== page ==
Category Archives: violence of language

The Transformation of Muslim Politics in Sri Lanka and the Growth of Wahhabism from the 1980s

Ameer Ali,** courtesy of Colombo Telegraph, where the title is “Anatomy of An Islamist Infamy”

The Easter carnage that consumed the lives of nearly two hundred and fifty innocent worshippers and bystanders including children, opens another chapter in Sri Lanka’s post-colonial bloody history of communalism and majoritarian rule. Unless one is prepared to accept this fundamental flaw in the nation’s political development and remedy it sooner rather than later the future may become even bloodier. Sri Lankan masses, Sinhalese, Tamils, Muslims or Burghers, are not to be blamed for this tragic history and they should be kept out of the equation. Instead, the political and religious leadership must bear full responsibility for laying the path of democracy with bloody bricks. 

  a madrassa

The Easter mayhem, is now becoming increasingly clear, as the result of a combined failure of a Muslim leadership which was in a state of denial for decades and a government in a state of paralysis. The first part of this analysis will deal with the Muslim variable. Continue reading

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The Emergence of Salafi Jihadists in the Kattankudy Locality in the Eastern Province

 Ameen Izzadeen and Abdullah Shahnawaz from Kattankudy, in Sunday Times, 28 April 2019, where the title reads “Lightning, thunder and a blast: On the trail of terror leader”

April 17: A man walks into the Kattankudy police station to complain that something unusual had happened on his land at Palamunai.  Police visit the scene and discover a Scooty motorcycle has been blasted using explosives. It had been blasted the previous day, April 16.

April 18: A young Kattankudy woman visits her old parents living in a house in a nearby area to give them lunch. That was the last time she saw them. She assumes the father who was complaining of a leg pain, has gone, accompanied by the mother, to see a native physician in Kinniya. But he never goes anywhere without informing the daughter.  This puzzles her, but on April 21, she pieces the puzzle together and realises her family’s involvement in the worst ever terror attack to shake this country.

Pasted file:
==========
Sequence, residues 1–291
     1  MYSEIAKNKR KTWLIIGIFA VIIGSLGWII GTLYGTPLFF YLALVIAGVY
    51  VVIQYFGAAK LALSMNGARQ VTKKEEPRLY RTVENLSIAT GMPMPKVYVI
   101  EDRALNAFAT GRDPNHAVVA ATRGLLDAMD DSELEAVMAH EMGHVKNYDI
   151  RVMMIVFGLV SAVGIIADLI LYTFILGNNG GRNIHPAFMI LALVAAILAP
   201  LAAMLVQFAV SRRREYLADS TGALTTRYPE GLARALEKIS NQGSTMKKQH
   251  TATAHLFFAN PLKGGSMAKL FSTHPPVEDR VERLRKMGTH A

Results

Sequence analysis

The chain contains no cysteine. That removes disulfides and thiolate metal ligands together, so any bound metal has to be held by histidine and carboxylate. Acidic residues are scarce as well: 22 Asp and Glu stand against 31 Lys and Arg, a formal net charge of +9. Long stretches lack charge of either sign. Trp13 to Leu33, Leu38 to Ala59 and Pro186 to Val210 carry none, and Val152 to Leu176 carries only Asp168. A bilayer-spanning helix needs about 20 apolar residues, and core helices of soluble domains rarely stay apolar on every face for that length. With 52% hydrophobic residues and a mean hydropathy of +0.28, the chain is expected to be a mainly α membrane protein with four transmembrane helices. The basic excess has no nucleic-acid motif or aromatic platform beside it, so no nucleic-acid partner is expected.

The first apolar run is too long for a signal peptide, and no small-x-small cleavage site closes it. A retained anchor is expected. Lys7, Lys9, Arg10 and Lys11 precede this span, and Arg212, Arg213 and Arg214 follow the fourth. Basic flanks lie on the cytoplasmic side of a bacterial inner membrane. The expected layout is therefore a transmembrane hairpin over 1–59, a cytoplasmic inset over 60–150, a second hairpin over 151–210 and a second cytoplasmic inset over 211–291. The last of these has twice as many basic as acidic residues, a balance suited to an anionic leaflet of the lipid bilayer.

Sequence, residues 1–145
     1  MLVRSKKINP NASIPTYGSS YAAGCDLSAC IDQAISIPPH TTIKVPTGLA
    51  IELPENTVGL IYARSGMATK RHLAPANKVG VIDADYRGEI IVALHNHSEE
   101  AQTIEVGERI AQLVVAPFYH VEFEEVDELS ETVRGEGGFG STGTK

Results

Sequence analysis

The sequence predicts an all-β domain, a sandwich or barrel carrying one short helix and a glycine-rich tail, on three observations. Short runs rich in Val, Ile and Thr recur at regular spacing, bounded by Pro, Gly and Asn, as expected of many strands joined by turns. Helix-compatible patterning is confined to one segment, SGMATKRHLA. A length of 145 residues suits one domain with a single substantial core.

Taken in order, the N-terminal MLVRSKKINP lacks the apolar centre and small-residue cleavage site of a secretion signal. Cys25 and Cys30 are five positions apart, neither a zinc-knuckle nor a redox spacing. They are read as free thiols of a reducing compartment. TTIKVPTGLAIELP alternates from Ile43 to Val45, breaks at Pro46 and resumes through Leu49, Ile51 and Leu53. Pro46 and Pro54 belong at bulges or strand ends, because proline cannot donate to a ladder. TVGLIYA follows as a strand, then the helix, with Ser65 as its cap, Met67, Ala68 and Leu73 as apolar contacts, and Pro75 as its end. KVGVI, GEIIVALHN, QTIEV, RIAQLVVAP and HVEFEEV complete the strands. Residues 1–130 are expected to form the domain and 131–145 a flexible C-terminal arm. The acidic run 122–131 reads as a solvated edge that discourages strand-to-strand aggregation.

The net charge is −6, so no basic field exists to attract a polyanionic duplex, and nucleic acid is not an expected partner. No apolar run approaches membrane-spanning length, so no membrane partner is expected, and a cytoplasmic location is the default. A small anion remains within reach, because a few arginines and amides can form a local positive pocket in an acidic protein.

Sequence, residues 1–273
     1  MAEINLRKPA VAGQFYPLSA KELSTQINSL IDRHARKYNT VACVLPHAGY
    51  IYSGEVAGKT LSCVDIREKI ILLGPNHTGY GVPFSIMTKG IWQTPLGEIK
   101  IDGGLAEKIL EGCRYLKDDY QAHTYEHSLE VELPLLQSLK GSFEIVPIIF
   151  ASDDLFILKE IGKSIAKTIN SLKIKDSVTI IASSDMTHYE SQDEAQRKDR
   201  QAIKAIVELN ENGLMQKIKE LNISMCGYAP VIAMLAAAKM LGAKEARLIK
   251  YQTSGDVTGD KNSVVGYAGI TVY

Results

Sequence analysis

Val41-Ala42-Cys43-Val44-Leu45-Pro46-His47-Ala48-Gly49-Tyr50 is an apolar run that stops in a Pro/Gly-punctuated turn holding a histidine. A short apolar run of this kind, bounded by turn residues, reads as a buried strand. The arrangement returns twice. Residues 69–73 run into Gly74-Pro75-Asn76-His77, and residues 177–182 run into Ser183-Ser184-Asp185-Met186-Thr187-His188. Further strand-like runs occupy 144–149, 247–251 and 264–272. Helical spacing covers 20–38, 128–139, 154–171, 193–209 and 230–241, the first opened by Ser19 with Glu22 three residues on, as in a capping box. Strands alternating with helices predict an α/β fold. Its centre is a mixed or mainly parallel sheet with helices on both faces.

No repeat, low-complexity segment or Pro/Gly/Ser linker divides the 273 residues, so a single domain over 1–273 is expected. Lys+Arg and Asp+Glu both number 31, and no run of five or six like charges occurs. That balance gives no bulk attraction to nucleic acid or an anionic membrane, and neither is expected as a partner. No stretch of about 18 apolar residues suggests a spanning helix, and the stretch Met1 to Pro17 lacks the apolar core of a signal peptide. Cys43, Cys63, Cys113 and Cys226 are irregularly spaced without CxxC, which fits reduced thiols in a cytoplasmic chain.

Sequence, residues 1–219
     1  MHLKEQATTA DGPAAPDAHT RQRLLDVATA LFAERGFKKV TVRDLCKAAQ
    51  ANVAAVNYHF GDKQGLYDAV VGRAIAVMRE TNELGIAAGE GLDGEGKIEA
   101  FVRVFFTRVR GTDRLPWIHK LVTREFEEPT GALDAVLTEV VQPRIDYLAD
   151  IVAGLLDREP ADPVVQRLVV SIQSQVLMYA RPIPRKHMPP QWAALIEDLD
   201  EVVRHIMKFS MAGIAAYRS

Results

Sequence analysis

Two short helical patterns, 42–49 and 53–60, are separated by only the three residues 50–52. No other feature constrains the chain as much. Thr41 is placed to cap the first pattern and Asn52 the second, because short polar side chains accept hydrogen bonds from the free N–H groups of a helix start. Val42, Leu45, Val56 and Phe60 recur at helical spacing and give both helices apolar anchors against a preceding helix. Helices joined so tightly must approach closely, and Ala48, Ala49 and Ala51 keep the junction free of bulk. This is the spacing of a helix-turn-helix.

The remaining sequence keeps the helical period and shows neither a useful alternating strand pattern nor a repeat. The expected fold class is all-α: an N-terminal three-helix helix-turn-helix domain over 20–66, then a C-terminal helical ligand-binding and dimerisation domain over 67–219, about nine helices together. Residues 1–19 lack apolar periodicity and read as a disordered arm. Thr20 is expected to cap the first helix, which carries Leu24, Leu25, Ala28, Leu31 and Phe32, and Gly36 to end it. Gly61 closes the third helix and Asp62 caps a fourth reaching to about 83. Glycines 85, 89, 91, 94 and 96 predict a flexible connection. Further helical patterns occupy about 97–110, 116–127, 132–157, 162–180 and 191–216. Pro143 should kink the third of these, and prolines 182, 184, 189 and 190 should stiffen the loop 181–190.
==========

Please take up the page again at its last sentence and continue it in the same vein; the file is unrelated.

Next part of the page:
The face of terror: Zahran Cassim

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Where End Goal and Zeal produce a Deadly Cocktail

  Chandre Dharmawardena, in Colombo Telegraph, 6 April 2019, where the title is “Why Do “Educated” Youth Join Extremist Terrorist Movements?”

It is often asked  why educated youth “coming from good homes” join extremist organizations. Simple  references to “brain washing”, or the stupidity of the young are no explanations. There is no scientifically recognized   process called “brain washing”. It is also  naive to assume that  educated youth  join the IS (Islamic state)  to go to heaven and get their 21 virgins! Many youth radicalized in British Universities ended up fighting for the ISIS. At least one of the Sri Lankan Muslim Kamikazi had a British training, had four children, a flourishing business and lived in a million dollar home in Colombo. A British education in a narrow subject like “information technology” not touching any  broad scientific or cultural subjects, given in a British “red Brick” university can have no effect on already acquired belief systems. Don’t our “most educated” ministers go to Tirupathi, India,at the drop of a pin?